The rise of non-utility purchasers of wind power is on full display in Texas. For example, the Tyler Bluff Wind Farm, a project owned by EDF Renewable Energy, will supply Procter & Gamble’s North American Fabric and Home Care plants with enough electricity to meet all of their needs. These plants produce well-known brands such as Tide, Gain, Downy, Dawn, Cascade, Febreze, and Mr. Clean. Other clean-tech giants, including Facebook, Microsoft, and Google, have also made headlines in Texas for investing in wind farms or agreeing to Power Purchase Agreements (PPAs) for wind energy being added to the Texas grid.
“As Microsoft works toward a lower carbon energy supply for our cloud services, wind continues to offer an attractive option for achieving this objective in a cost-effective manner,” said Brian Janous, Director of Energy Strategy for Microsoft.
Jeff Clark, Executive Director of The Wind Coalition added, ““Corporate America, especially American manufacturers, are embracing wind energy because it provides power that is cleaner and cheaper, while bringing long term price stability to their business planning. In Texas, household names like Dow, Mars, Procter & Gamble, IKEA, Walmart, HP, Google, Facebook, Microsoft, Intuit, Unilever – and many more – are using wind energy to improve their businesses and their corporate bottom line. American industrial electric consumers increasingly want wind energy and are calling for greater access to wind power to help meet their corporate financial and sustainability goals. This report outlines the vision that will help make broader access to renewable energy a market reality.”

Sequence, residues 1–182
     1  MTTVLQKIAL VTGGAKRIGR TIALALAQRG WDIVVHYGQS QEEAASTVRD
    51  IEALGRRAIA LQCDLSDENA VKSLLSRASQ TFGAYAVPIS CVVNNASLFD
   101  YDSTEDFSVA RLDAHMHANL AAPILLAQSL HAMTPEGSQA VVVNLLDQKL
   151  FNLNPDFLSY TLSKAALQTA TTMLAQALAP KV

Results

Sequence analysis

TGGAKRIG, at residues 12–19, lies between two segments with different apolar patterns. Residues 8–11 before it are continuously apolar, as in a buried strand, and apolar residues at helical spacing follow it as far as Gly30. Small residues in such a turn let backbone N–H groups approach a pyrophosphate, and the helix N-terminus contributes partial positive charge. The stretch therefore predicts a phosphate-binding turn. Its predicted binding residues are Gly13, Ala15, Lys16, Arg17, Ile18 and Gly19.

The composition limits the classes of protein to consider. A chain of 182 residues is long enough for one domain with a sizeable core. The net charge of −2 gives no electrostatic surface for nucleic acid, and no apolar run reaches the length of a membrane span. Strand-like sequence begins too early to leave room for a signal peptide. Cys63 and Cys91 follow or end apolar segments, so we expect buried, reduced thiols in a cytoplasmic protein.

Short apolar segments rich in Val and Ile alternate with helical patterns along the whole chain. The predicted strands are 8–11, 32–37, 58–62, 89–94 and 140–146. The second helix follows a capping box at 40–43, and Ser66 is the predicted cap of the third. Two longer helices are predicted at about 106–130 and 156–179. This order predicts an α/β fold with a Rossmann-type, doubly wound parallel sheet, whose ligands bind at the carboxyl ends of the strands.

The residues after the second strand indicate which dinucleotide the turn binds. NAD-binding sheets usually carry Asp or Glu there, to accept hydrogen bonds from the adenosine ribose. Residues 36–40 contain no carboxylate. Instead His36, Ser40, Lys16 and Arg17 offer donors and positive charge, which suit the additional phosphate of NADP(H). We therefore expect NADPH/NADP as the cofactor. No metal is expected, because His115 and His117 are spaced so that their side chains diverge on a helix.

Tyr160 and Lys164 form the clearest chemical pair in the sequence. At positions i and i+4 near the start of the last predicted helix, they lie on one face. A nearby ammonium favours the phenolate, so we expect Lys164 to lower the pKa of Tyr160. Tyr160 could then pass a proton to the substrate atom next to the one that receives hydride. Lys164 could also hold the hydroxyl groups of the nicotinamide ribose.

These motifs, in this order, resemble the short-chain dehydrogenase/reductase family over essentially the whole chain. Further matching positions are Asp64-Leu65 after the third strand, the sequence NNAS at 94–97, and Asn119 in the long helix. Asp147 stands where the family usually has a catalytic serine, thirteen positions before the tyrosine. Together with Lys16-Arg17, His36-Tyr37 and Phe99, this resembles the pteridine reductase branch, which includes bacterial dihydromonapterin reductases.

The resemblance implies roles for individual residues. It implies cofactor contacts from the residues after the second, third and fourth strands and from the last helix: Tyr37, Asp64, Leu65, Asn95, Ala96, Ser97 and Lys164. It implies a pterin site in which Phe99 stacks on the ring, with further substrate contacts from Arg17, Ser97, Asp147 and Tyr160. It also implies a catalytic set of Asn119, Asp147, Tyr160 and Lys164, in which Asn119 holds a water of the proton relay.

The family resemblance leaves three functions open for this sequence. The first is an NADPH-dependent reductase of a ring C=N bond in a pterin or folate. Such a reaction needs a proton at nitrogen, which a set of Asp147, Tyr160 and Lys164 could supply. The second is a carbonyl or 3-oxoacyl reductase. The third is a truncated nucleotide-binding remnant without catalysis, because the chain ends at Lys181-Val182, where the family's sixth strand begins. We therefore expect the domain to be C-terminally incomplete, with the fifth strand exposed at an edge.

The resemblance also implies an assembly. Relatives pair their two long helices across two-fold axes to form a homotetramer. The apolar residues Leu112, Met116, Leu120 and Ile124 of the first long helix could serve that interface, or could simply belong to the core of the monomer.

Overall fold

The new report highlights several other wind power success stories in the state:
- Panhandle Wind 1 & 2 These Pattern Energy owned and operated wind farms have been an economic boon for Carson County. The projects will inject more than $200 million into the local communities during the first 25 years of operation.
- Georgetown, Texas became one of the largest municipally owned utilities in the U.S. to supply its customers with 100 percent wind and solar power – primarily to cut costs for its customers.
- Broadwind Energy employs 250 Texas workers to build wind tower and turbines. Broadwind has produced more than 500 towers for wind power projects in the region.
Upgrading the state’s transmission resources will result in additional benefits, also featured in the report. The completion of the Competitive Renewable Energy Zone (CREZ) transmission lines a year ago plays a critical role in opening up Texas’s world-class wind resources to development. That success will soon be replicated in other parts of the Plains and the Midwest, which are following suit with major new transmission upgrades.
Up to 17,000 jobs are supported by wind power today in Texas, including well-paying manufacturing jobs at 46 factories producing wind power parts and supplies around the state. Wind energy has already attracted over $26 billion in capital investment to Texas and rural landowners currently receive $42.5 million a year in land lease payments.
Last month, over 2,000 business voices urged Congress to extend federal tax provisions, including the renewable energy tax credits, this year because they are “critically important to U.S. jobs and the broader economy.” Earlier this month, 580 clean energy companies representing a broad coalition of clean energy technologies sent a letter to Congress calling for an extension of the renewable energy tax credits in order to “help build the economy, create jobs, and deliver a safer, healthier energy future.
A March 2015 Gallup poll found 84 percent of American voters want the U.S. to put more emphasis or the same emphasis on producing domestic energy from wind. The majority of Republicans and Independents wanted more emphasis. The full Texas Wind Vision report can be found here: http://bit.ly/1l6VuhL